The tipping debate rages on. The restaurant industry in the United States relies upon customers tipping for good service in order to pay waiters and waitresses their wages. Servers try to give fast and friendly service in order to be rewarded with additional monies. But does it work?
(Photo Credit: Manny Hernandez/Flickr)
As waitresses who serve international travelers can tell you, they don’t tip in other countries the way diners are expected to here. However, the tradition began in Tudor England with the aristocracy essentially sprinkling change to their social inferiors.
Tipping reached the states not long after the Civil War, but was met with resistance because the aristocratic practice was at odds with democracy and egalitarianism.
Times have certainly changed. Not only are diners in sit-down restaurants expected to tip up to 20 percent of their bill, but every bar and service counter has a tip jar. If you want to eat or drink, you are expected to tip.
The common rationalization for tipping today is to reward good service. It’s not true. The federal government allows the restaurant industry to cash in on server tips by mandating a tipped minimum wage of only $2.13 per hour (some states require tipped employees be paid more.) The law states that if a server does not earn enough in tips to make full minimum wage, the employer must make up the difference. The difference between tipped minimum wage and full minimum wage is called a “tip credit.”
Think about that. When you eat in a restaurant, the owner does not have to pay the waiter as long as you tip. You are expected to pay his wage instead of the employer.
Proponents of tipping today claim that without tips, service will suffer. Consider that tip a bribe to the waitress to do her job well. Employees in almost any other profession are simply expected to their jobs well for the same pay every day. In other professions, poor job performance may result in job loss. In truth, servers who consistently perform poorly also lose their jobs; therefore, waiters and waitresses have the same incentive to give good service to bad tippers as well as good tippers. The difference is they would rather wait on good tippers.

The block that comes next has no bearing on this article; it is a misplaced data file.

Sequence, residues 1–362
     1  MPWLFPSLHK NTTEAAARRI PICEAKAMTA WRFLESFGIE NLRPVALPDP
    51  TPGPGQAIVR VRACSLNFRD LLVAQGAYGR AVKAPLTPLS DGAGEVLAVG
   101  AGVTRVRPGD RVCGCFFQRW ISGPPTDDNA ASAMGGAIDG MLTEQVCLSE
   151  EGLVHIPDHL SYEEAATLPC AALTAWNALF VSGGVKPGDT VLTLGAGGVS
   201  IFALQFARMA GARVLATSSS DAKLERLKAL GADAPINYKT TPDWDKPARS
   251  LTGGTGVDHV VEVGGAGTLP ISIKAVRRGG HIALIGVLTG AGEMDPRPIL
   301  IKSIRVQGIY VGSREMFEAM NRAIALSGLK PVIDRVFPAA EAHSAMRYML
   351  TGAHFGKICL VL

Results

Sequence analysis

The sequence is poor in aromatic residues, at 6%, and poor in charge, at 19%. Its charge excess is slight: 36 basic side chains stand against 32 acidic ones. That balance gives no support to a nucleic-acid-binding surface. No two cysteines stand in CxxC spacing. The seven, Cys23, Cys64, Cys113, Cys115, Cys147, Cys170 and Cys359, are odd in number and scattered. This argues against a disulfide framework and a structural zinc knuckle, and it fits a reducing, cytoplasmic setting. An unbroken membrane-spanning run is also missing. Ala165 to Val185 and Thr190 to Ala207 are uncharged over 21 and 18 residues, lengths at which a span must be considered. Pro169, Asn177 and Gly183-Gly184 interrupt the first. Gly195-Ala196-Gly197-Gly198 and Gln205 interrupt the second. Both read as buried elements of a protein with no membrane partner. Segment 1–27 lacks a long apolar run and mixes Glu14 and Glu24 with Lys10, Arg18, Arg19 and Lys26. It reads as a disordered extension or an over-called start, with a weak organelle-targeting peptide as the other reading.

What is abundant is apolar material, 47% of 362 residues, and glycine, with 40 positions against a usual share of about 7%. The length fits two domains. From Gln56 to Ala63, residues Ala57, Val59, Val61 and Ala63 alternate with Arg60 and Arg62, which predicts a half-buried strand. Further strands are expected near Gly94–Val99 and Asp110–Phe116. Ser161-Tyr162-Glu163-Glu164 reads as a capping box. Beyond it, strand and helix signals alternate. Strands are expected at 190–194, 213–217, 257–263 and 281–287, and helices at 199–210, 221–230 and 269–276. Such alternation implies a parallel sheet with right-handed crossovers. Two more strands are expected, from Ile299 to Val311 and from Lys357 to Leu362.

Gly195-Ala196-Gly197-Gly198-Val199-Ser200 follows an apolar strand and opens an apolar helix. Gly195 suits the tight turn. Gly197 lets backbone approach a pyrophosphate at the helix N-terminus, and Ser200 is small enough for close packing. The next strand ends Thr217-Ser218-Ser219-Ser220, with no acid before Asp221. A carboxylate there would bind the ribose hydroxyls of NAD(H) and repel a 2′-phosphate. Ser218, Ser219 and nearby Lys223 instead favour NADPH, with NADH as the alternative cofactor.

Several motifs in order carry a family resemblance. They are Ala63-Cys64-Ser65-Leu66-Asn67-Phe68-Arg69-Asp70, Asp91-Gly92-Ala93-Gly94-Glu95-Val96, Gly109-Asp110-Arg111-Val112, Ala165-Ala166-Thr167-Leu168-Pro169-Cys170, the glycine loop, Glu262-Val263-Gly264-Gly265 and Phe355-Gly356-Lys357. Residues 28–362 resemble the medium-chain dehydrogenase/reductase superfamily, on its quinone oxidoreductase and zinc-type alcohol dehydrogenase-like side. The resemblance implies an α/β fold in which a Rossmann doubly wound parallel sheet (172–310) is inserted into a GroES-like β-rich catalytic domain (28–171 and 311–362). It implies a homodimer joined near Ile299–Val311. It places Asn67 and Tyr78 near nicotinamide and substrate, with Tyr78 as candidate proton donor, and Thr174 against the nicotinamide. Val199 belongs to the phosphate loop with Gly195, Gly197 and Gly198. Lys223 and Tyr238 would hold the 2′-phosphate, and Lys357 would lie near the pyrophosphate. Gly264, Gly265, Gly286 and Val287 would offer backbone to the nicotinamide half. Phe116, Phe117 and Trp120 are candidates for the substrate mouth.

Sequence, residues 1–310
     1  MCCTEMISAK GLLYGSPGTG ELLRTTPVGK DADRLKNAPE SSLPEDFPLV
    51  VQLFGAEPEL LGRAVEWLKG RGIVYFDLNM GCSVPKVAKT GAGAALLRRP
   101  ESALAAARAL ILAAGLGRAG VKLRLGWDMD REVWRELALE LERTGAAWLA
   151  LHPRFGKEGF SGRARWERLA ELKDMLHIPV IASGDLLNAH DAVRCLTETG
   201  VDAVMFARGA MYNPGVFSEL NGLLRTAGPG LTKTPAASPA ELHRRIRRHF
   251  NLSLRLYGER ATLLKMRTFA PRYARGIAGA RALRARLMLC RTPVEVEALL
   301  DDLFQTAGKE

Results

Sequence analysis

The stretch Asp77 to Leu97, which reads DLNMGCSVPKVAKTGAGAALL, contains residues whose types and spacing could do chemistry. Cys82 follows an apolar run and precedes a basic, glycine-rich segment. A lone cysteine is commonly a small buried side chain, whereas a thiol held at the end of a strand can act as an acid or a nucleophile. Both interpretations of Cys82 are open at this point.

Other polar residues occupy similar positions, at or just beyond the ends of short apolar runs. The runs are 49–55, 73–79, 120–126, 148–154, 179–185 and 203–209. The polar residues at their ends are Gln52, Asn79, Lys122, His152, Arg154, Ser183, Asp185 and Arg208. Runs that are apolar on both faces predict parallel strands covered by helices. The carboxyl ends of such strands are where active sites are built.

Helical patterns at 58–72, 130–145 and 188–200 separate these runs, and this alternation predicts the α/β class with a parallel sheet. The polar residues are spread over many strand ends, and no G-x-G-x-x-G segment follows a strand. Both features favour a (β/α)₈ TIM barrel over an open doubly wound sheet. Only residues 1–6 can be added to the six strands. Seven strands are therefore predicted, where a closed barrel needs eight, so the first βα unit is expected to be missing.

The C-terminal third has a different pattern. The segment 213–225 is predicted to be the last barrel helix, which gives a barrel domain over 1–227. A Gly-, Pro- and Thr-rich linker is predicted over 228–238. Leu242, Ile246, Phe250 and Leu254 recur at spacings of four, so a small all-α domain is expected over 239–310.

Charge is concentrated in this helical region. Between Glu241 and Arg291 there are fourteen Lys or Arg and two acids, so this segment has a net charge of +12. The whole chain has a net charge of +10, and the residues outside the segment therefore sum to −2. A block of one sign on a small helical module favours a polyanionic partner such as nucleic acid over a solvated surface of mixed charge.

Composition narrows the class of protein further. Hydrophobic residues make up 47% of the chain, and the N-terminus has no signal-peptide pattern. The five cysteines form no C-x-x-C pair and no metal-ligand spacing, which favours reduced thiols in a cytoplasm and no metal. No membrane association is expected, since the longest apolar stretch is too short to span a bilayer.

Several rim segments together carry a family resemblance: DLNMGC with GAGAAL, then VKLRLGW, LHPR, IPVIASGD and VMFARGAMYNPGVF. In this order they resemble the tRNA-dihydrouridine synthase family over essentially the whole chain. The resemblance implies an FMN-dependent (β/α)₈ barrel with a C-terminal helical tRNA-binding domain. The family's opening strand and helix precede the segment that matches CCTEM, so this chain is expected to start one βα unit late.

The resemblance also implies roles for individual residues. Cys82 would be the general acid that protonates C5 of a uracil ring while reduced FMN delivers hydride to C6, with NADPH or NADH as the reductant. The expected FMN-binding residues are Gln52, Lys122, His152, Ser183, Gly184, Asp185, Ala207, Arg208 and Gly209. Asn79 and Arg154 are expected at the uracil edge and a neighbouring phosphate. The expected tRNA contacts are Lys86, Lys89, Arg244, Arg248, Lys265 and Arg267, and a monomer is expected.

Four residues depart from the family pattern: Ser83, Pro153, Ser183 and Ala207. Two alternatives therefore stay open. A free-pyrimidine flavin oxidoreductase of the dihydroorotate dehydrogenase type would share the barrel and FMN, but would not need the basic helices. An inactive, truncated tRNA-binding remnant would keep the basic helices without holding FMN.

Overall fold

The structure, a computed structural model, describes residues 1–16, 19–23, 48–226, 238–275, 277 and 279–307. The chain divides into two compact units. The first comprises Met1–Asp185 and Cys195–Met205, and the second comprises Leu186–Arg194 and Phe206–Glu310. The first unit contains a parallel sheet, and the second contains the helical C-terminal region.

That $2.13 per hour goes to pay the server’s income tax. Servers must claim their tips as income to the IRS, and if they don’t claim enough the IRS will assume they are lying. If a server has a bad night, she ends up paying taxes on tips she did not earn, paying to work, and paying to wait on you. Remember, the tip credit gets her up to minimum wage, but the IRS is expecting her to make more in tips.
In some cases, tipping causes bad service. The only way a waiter can earn enough or more money is to take more tables. The more tables he takes, the harder he is working, the more he has to remember, and the more likely his tables will have to wait for service. Customers wait for attention in busy restaurants because the dining room is understaffed.
If given the choice, most wait staff would take another table. The restaurant does not pay their bills; the customers do in the form of tips. However, if waiters and waitresses were paid a living wage, they would be happy to take a reasonable amount of tables and would welcome new recruits. As long as wait staff rely on tips for their livelihood, their colleagues are also their worst competition, which creates dysfunction among them and understaffing in dining rooms as “strong” wait staff convince managers they are fine and can take more tables.
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